Alzheimer's experts are optimistic that a new type of blood test could one day allow doctors to accurately predict one's risk of developing the degenerative disease.

While prior research has suggested that imaging techniques and tests on spinal fluid could also be used to predict the risk of Alzheimer's, a study published in the current issue of the journal Nature Medicine suggests that this goal could be accomplished with a simple blood draw.

Such a test, if proven effective, would be less costly than imaging techniques and less invasive than a spinal tap.

Lead study author Dr. Tony Wyss-Coray, associate professor of neurology and neurological sciences at Stanford University in Palo Alto, Calif., said the test would not only identify the presence of Alzheimer's, but would also provide clues as to whom is on a path to develop the condition.

Researchers compared a total of 259 blood plasma samples -- some from patients with Alzheimer's, and the rest from patients without the disease.

What they found were 18 signaling proteins in the blood plasma that were 90 percent accurate in classifying those who may develop Alzheimer's disease two to six years later.

Thus, by taking a sample of blood and examining the proteins in the plasma, he explained, a doctor "may get an idea if a disease process is going on. ... We are almost listening to the language of cells."

Although Wyss-Coray said that the test will not be available for "a couple of years," he is already excited about its implications.

"It might be possible to get a sample of blood to determine if they [the patients] are on a path or have it [Alzheimer's]," he said.

Others in the field are equally optimistic. Dr. Paul Kettl, professor of psychiatry at Penn State College of Medicine, said these results are "more significant, and success rates are better" compared to other potential tests.

Blood Better Than Imaging?

The study, however, is not the first to suggest the possibility of an effective screening measure for Alzheimer's. Indeed, many whose lives are affected by the disease may be reluctant to hope that this research will yield results, since many previous studies have as yet failed to manifest life-altering advances.

Dr. Yuval Zabar, a neurologist at the Lahey Clinic in Burlington, Mass., also appreciates its relative simplicity.

"The most significant aspect of this study is the potential for prediction of progressive cognitive decline using a simple blood test," he said.

Why Does It Matter?

Since there is as yet no "cure" for Alzheimer's, many may wonder why anyone would want to be tested. However, Dr. Ron Petersen, director of the Alzheimer's disease research center at the Mayo Clinic in Rochester, Minn., said the earlier someone knows their likelihood of developing the debilitating disease, the better.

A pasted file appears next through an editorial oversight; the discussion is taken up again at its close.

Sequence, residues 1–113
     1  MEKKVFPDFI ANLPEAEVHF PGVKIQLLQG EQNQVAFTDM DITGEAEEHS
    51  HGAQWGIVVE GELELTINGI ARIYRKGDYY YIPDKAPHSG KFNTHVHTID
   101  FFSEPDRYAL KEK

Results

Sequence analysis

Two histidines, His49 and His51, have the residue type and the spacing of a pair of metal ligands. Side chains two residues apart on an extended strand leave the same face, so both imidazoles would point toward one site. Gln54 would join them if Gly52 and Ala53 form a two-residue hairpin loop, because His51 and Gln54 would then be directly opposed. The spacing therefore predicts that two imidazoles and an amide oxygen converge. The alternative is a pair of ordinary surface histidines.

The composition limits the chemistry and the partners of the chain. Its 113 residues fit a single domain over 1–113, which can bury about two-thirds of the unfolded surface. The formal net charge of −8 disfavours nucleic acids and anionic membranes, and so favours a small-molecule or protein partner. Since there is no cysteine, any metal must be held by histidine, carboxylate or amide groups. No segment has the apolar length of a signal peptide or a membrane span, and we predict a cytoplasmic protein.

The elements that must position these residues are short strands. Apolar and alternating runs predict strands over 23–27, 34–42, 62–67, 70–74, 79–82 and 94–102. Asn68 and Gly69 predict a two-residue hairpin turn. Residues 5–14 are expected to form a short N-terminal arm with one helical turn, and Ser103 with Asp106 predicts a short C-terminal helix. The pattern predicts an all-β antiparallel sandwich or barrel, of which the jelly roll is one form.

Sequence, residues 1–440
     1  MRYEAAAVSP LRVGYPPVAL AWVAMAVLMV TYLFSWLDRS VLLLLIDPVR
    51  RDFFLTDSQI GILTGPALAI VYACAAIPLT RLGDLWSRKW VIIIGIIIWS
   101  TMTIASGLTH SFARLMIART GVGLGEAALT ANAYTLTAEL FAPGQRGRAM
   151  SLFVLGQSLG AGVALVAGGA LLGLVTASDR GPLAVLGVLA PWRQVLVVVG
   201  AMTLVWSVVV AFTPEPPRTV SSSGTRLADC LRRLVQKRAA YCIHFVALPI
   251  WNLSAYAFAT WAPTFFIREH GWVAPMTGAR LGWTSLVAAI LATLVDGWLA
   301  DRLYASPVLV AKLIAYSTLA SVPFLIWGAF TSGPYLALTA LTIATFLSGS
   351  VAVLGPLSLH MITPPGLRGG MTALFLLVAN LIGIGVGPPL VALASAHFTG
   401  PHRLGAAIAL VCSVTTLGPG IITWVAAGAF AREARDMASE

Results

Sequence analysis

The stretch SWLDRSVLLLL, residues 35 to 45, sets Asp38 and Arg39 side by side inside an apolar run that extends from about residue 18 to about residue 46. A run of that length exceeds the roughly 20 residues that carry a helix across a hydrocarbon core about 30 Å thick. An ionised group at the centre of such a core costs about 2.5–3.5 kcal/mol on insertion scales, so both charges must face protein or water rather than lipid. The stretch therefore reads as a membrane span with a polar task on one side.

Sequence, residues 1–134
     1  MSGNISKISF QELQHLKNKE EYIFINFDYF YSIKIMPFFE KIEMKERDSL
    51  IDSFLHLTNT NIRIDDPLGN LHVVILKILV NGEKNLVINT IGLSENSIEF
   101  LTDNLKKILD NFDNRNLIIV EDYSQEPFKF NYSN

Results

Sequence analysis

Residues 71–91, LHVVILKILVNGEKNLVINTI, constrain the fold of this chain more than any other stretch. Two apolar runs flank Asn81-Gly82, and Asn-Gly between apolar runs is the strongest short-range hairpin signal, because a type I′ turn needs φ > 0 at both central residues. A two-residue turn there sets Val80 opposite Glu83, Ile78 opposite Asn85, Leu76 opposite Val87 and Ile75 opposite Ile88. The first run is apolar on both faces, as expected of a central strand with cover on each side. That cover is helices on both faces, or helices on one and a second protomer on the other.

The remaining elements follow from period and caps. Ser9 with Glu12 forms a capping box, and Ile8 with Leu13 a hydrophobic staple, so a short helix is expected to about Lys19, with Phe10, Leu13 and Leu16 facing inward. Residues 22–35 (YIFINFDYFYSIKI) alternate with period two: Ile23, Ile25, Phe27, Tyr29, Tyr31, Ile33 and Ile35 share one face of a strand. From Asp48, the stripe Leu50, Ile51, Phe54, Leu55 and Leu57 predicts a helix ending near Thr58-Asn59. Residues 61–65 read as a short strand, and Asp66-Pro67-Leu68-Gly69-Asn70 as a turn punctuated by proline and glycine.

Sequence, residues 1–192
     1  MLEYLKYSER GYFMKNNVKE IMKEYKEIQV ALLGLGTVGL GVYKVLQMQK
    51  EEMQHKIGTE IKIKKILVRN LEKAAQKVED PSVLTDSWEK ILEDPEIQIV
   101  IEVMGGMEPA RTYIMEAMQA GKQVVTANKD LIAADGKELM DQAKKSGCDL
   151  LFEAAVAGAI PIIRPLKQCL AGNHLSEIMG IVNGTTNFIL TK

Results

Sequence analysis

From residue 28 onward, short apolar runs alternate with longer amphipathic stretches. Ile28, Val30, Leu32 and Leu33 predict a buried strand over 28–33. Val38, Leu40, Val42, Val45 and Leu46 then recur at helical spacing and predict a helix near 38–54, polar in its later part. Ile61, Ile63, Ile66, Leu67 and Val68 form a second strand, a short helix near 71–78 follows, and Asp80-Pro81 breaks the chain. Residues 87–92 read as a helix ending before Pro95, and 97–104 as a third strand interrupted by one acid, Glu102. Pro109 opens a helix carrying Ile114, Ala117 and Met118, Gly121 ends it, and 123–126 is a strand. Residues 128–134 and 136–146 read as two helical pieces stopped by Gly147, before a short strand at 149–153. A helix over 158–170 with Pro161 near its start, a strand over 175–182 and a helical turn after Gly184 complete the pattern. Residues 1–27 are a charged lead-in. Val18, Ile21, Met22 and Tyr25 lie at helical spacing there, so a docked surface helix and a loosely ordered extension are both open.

"It becomes crucial to have an early marker of disease risk such that interventions can be initiated as early as possible," he noted.

Thus, having a relatively simple tool to detect the disease early could pay big dividends in terms of health and treatment.

And an easier means of early detection may also safeguard the health of those in the early stages of the disease. Wyss-Coray notes that Alzheimer's patients often "forget to take medications for other conditions such as diabetes, heart disease, and hypertension," complications that may be avoided if caregivers are alerted early to the possibility of the condition.

Other physicians agree.

"This [early identification] should be advocated," said Dr. Rachelle Smith Doody, director of the Alzheimer's disease and memory disorders center at the Baylor College of Medicine in Houston.

"It benefits patients to be given information on their condition and to go on therapy," she continued. "It prevents the patient from receiving contraindicated or unneeded therapies, and it helps the patient, family and clinician develop a management plan."

What's the Catch?

Although the benefits are plentiful, some experts cite caveats.

"The markers mentioned are not routine, and the assays are not universally available," Zabar said, noting his concern that the tests will be marketed at very high cost through a private laboratory.

Zabar adds that he also doubts whether insurance is likely to pay for it, a concern emanating from "what happened to spinal fluid biomarker tests in the past."

Wyss-Coray disagrees.

"The markers are not novel, and assays exist for them," he said.

He adds that the pharmaceutical company Satoris is already developing a kit that combines all of them in a simple assay and the "cost would be significantly lower than imaging."

Like Wyss-Coray, Petersen concurs that "this would be an inexpensive test."

Petersen, who agrees the test would likely be inexpensive, nonetheless points out a different drawback: The study will need to be replicated in larger samples to confirm that these tests are reliable.

Dr. Mark Tuszynski, director for the center for neural repair at the University of California, San Diego, agrees.

"Limitations are that the data are from a small sample set and will very much need to be replicated on a larger patient set," he said.

"But if this holds up on subsequent, larger analysis," Tuszynski added, "it could have significant public health implications on many, many levels."

Despite current limitations, Alzheimer's experts agree that this test could have significant positive implications in the future.

After all, Wyss-Coray noted, "there are a quarter of a million Alzheimer's patients per year who are not diagnosed."

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